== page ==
What is 3D Ultrasound?

If we take a look back, in the past, knowledge of the human body and our working systems has been only skin deep and it was only recently that modern medicine has been using sound waves to see living organs in action.

Nowadays, the best tool to see what is inside the body is ultrasound, and due to the excellent development of technology, the advanced 3D ultrasound was invented.

This is a machine that produces high-resolution 3D images.

Three-dimensional or 3D multiplanar ultrasound has an additional dimension when compared with the traditional 2D-mode of ultrasound and this is the main difference.

Two-dimension looks only at surface structure while 3D provides the ability to look at three 90 degree planes at the same time.

Three-dimensional is actually the ability to locate the position of an element in three dimensions, designated by the coordinates x, y, and z.

The Xyz-space allows us to describe the position of any point in three-dimensional space.

How Does 3D Ultrasound Work?

People have heard about the ultrasound and its importance, but not many know how it functions.

Ultrasound is the machine that works by “listening” to the sound waves that are directed from specialized equipment and bounced back, resulting in diagnostic imaging.

When 3D ultrasound is in question, those same sound waves are used, but they are directed down at various angles, which enables the receiving equipment to “see” the image as three-dimensional.

This is a process known as “surface rendering”.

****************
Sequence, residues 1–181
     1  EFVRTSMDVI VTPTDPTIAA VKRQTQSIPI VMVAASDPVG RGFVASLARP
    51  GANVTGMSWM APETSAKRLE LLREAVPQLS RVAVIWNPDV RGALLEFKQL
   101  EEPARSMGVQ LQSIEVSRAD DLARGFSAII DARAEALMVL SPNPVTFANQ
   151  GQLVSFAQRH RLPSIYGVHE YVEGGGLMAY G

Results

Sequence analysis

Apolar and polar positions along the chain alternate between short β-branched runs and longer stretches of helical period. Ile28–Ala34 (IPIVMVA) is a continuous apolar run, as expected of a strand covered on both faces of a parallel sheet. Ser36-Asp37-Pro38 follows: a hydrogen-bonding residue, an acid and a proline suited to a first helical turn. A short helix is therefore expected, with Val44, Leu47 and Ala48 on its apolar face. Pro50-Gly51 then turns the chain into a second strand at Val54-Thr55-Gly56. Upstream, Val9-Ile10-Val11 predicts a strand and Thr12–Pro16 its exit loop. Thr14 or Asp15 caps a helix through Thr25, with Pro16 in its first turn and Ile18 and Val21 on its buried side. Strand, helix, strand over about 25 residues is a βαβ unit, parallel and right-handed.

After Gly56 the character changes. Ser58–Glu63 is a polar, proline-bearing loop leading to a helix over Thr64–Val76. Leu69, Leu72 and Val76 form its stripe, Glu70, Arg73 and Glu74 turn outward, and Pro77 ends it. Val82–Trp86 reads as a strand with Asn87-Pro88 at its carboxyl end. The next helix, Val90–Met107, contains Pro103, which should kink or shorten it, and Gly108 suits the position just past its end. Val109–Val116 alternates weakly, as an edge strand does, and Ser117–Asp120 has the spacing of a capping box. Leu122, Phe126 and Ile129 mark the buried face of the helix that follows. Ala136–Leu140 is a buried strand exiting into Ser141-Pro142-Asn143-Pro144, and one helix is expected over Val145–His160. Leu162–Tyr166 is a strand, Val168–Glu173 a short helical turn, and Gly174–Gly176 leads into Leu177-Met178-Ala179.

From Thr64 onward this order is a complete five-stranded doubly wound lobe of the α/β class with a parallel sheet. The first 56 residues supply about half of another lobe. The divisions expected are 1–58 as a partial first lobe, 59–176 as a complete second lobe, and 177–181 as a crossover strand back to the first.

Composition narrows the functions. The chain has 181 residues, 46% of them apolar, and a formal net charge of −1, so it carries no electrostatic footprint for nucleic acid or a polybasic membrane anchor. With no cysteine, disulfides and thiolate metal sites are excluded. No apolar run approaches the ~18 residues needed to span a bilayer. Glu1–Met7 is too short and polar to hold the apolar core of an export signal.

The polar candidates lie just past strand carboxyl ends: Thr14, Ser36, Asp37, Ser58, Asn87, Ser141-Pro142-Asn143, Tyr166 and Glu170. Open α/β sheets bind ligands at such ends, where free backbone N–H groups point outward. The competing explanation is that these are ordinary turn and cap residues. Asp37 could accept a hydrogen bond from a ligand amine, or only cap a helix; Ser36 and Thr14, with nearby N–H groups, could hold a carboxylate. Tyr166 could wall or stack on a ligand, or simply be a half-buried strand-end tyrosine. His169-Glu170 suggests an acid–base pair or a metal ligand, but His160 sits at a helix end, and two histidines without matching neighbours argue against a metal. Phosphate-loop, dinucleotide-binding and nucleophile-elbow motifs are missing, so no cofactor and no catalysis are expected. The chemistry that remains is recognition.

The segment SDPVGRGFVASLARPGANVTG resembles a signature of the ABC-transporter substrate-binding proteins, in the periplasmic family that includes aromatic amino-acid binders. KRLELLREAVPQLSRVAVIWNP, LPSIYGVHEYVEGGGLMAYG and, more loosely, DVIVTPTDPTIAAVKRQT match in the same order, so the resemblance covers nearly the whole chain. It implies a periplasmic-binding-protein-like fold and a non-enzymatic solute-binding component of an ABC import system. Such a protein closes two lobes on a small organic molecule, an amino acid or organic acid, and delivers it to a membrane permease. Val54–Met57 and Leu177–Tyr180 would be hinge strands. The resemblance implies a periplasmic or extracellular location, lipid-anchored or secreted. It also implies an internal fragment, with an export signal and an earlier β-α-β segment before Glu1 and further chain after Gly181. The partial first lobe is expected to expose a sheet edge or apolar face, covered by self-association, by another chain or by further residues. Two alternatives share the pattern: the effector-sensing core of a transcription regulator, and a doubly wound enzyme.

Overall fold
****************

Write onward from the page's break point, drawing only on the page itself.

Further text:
What is the difference between 3D and 4D ultrasound?

The difference between 3D and 4D ultrasound exists, and some consider it quite significant, even though it is not that huge.

Four-dimensional or 4D ultrasound is comprised of a series of 3D images.

Actually, it is like 3D in motion or a video in real-time.

With 4D technology, the still images that can be produced with 3D ultrasound are played one right after another, creating a moving picture in real-time.

How do I become a 3D Ultrasound Provider?

There are more and more young learners that are interested in becoming 3D or 4D ultrasound providers.

So as to reach this career, you need first to earn your associate’s degree in diagnostic medical sonography.

If you decide to attend an associate’s degree from a CAAHEP accredited sonography program, you will be provided with the necessary education and training to work as an ultrasound tech, and to explore other specializations within the field.

It is worth mentioning that educational programs do not offer a specific 3D/4D degree option.

Actually, schools do offer training in this area but only as part of their regular curriculum.

Training options vary from school to school,  and once you have earned your degree, you will be eligible to sit for Sonography Principles & Instrumentation (SPI) examination, administered by The American Registry for Diagnostic Medical Sonography® (ARDMS®).

You should know that certification from the ARDMS® is still not required in all the states and for all employers, but so as to be a more attractive candidate, this level of training and expertise is needed.

3D Ultrasound History

Two-dimensional ultrasound has been used for years until the advancement of technology which led to the discovery of three-dimensional ultrasound.

Being that its use in medicine is relatively new, we would like to mention the process of its development.

The 3-D Multiplanar scanner was developed through the work of Thomas Graham Brown, who invented the 3D Multiplanar scanner and brought it to market in 1975.

Brown played an important role in the history of ultrasound and was inducted into the Scottish Engineering Hall of Fame in 2014.

3D Medical Ultrasound techniques continue to improve in the fields of medical imaging and diagnosis and its usage is expanding.